One of the most recognizable symbols of the city is the Cathedral of Saint Tryphon. dedicated to the patron and defender of the city. The cathedral was built in 1166 on the foundations of an earlier church, and in 1667 it was destroyed by an earthquake, after which it was rebuilt. The cathedral keeps priceless relics: a silver cross of Bishop Marin Kontaren of the 15th century, a stone monstrance in the Romanesque-Gothic style, an ancient dagger – a masterpiece of Kotor goldsmiths. On the square next to the cathedral there are several more interesting buildings: the historical archive of Kotor, the building of the Assembly of the Community, the chamber of the Drago family. A little lower, closer to the western gate, are the Summer Theatre, the Church of St. Nicholas, the treasury of the Serbian Orthodox Church and the Church of St. Luke of the 12th century. Grgurina Square is located between St. Nicholas Square and the Cathedral Square. In the chambers of the Grgurina family, there is now a maritime museum with an interesting collection.
Kotor provides ample opportunities for active and extreme recreation: from hiking in mountainous areas to diving, paragliding and rock climbing. A convenient place for paragliders to start is called Vrmac and is located above Kotor at an altitude of 550 m. The Bay of Kotor is very interesting for divers of any level, from beginners to professionals. The entire Risan Bay is full of archaeological finds, and the surroundings of the islands of St. George and Gospa od Shkrpela are also very interesting.
The most ancient settlement of the Bay of Kotor – Risan – a city founded in the 3rd century BC. At that time it was a maritime, commercial and craft center. The Romans in Risan built palaces of the finest Greek marble, adorned with majestic sculptures and mosaics. Among the mosaics here you can find the world’s only mosaic of the god of dreams, Hypnos. Among other archaeological finds, a rare rock carving of a deer and a group of ancient swastika signs are of interest.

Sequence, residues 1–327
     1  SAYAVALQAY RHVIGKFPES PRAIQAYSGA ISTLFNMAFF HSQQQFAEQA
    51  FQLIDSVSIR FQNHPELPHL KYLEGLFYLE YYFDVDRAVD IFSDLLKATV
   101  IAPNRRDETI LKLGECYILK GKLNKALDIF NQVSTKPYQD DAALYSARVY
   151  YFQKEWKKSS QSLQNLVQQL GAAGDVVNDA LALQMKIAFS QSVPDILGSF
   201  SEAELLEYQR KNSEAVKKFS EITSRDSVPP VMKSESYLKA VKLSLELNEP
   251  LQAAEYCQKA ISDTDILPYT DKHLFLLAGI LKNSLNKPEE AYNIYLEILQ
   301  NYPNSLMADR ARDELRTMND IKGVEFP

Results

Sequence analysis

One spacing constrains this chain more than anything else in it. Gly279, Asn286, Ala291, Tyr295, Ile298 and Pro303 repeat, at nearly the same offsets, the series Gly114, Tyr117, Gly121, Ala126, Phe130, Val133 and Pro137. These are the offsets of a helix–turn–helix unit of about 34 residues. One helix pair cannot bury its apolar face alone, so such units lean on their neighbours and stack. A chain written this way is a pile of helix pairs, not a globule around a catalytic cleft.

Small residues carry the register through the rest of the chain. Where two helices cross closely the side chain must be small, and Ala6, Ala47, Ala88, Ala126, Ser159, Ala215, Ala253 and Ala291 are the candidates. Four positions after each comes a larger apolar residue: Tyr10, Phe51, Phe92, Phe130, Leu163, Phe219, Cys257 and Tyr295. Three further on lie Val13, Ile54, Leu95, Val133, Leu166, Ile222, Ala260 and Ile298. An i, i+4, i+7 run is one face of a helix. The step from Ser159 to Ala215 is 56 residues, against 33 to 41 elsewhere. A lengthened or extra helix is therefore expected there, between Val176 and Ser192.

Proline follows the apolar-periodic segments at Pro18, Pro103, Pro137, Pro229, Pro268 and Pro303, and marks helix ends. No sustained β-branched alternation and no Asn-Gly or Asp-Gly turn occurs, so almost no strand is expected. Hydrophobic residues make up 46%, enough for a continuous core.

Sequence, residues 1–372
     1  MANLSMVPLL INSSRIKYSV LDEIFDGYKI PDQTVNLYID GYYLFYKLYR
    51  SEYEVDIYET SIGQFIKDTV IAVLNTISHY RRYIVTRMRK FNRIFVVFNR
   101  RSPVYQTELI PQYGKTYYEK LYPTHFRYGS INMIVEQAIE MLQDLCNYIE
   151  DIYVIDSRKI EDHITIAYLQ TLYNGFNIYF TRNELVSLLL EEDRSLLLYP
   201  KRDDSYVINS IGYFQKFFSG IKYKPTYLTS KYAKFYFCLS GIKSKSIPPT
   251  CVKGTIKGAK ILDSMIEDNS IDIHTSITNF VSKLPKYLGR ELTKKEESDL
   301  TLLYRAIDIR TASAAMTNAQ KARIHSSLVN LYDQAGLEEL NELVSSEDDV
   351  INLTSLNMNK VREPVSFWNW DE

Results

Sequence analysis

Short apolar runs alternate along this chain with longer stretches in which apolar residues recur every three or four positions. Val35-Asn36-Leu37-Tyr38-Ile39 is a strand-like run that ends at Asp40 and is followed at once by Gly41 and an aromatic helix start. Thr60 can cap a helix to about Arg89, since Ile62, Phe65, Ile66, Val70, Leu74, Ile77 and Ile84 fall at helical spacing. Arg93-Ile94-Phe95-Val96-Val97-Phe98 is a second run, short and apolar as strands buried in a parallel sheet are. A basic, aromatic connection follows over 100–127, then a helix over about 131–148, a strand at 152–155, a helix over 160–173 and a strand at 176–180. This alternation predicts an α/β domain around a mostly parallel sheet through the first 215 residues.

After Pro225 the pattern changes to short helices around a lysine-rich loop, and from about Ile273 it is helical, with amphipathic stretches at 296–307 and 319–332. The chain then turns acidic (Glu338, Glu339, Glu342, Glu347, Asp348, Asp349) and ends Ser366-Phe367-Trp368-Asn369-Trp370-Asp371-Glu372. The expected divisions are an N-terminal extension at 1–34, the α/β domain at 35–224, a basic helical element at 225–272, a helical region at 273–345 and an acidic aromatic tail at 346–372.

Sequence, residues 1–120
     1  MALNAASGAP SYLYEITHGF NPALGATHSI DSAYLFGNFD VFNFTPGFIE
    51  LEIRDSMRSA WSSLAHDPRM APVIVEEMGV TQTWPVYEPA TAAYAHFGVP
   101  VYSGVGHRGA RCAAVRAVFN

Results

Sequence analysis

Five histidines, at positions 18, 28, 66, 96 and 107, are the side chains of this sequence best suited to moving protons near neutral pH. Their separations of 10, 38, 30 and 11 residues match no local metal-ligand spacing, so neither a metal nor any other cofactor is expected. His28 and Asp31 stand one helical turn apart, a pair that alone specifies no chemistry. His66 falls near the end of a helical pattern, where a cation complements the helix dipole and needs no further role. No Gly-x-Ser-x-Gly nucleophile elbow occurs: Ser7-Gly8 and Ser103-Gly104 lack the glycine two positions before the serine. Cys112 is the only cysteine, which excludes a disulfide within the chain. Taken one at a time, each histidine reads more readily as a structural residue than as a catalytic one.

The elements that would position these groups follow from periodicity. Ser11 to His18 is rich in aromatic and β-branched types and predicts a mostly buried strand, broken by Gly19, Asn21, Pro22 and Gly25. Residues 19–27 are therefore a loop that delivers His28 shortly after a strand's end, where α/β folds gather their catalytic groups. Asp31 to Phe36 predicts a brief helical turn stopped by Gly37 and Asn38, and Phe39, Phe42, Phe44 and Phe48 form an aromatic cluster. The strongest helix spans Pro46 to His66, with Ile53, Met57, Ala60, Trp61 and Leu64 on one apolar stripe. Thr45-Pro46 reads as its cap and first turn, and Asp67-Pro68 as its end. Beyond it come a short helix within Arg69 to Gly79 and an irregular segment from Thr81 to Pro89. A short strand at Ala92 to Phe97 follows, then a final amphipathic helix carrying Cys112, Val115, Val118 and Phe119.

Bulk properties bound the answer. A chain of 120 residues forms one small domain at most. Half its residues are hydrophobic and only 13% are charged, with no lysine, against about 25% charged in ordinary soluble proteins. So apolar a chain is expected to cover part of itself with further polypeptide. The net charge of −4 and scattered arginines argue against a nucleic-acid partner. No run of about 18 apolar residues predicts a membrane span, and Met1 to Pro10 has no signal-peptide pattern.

Perast is a small resort town located near Risan at the foot of Mount St. Elijah. The city got its name from the Illyrian tribe Pirusta. The most beautiful buildings of this city were built in the 17th-18th centuries in the Baroque style. At that time, navigation was actively developing here. There was a famous nautical school in Perast, where Peter I sent the sons of Russian noblemen to study maritime affairs. Their mentor was the famous navigator Marko Martinovich, on whose ship 17 Russian princes sailed at the end of the 17th century. Perast is dominated by the church of St. Nicholas with a high bell tower, built in the 15th – 17th centuries. In addition to it, there is also a parish church built in 1740.
But the most interesting historical monuments are located on two islands opposite the city: St. and Gospa od Shkrpela. The island of Gospa od Shkrpela (Virgin Mary on the reefs) is artificial. Around the reef, on which, according to legend, the icon of the Mother of God was discovered, stones were poured. Until now, the tradition has been preserved, according to which every year on July 22, the inhabitants of the Bay of Kotor bring new stones to the island on decorated boats. The holiday is called Fashinada. In the Church of the Virgin, built on the island in honor of the found icon, the sailors left silver plates with the dates of sea voyages stamped on them.. Some plates were left with an “open” date, which means that the ship did not return. The church keeps an unusual icon, which a woman embroidered with thread and her own hair in anticipation of her beloved. She did not wait for her betrothed, and the last details of the icon were already embroidered with gray hair. Very picturesque, with a cypress grove, the island of St. George is very close. On it is the old cemetery of Perast and the monastery of St. George (George).